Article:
Anyone can submit a talk, but the PC is looking for the very best presentations. Great presentations require a good topic, but the key is the presenter. Your experience, knowledge, and presentation skills all make a difference. Please fill out your bio in the EclipseCon system.

If you have done this presentation at a different venue, please add a comment to your submission that details when and where. If this is your first time presenting at a national conference, please consider a short talk (10 minute or 30 minute).

The Submission is Only a Starting Point

Please be prepared to work with the category reps to modify your talk so that it can fit into the program. This may mean combining your talk, shortening your talk, or changing the subject matter.

The Submission Form

The Eclipse submission system has been designed to be very easy to use. All you need is a Title, Abstract, Type, Category, Difficulty, and a list of the authors. That said there are things that you can do to distinguish your submission from the others.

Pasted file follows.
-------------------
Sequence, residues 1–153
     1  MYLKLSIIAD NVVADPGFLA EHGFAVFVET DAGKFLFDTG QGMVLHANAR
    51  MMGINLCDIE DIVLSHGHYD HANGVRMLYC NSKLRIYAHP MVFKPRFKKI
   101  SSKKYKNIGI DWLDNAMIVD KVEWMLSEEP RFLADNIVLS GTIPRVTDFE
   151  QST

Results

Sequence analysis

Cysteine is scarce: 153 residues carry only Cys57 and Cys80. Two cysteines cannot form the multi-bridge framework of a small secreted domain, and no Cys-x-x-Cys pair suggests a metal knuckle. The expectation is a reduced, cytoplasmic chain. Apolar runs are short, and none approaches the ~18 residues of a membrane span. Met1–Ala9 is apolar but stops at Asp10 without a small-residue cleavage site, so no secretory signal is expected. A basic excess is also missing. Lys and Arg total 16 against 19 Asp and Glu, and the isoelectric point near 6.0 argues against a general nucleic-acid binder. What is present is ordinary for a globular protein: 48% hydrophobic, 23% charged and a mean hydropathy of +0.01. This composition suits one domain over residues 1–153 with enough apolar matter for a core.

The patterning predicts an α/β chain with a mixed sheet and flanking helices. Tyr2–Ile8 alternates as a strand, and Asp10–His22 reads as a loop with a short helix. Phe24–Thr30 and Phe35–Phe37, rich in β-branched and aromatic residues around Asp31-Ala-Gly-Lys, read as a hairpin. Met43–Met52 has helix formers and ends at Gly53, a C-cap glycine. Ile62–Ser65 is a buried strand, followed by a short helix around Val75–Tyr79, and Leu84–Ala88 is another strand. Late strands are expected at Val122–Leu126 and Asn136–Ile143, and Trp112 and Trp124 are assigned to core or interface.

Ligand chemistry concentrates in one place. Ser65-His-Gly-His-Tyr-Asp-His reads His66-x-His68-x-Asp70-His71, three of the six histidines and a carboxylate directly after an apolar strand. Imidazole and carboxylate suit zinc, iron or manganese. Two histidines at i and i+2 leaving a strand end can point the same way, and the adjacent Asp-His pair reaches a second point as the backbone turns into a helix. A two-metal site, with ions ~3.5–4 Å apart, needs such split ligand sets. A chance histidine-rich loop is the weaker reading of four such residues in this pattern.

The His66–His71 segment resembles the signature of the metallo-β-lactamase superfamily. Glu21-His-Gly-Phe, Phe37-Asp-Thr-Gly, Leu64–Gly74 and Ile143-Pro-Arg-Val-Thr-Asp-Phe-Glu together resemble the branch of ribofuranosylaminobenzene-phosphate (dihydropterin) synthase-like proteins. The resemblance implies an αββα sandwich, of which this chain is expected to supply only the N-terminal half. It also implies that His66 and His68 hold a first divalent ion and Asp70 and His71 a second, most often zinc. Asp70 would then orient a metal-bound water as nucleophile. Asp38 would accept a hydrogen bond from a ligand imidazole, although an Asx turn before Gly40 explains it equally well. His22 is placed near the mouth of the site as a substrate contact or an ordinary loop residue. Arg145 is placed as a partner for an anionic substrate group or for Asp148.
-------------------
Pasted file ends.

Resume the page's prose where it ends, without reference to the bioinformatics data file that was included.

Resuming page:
Short, Descriptive and Catchy. We all hate sales, but that doesn't mean we can live without. Your title is your sales pitch. If you want people to select your talk or attend your talk work on the title. A simple test if you are faced with two talks:

  • Pimp My Editor
  • Improving the Visual and Functional Attributes of the Eclipse Editor

Which one would you choose?


The abstract is the most inportant component of your submission. Take the time to demonstrate that you are an articulate communicator that has something valuable to share with the community. At a minimum your abstract should address these four questions:

  • What are you presenting?
  • Why is it important?
  • What can someone expect to take away from the presentation?
  • What makes your presentation unique?


EclipseCon has three basic types of talks.

  • Short Talks are 10 to 30 minutes long and are designed to get people excited and engaged on a particular subject. If you do a great job on a Short Talk the audience won't know how you have done something, but they will be really excited to take the time and learn it on their own.
  • Long Talks are one hour in length and are designed to provide a thorough road map of a particular technology.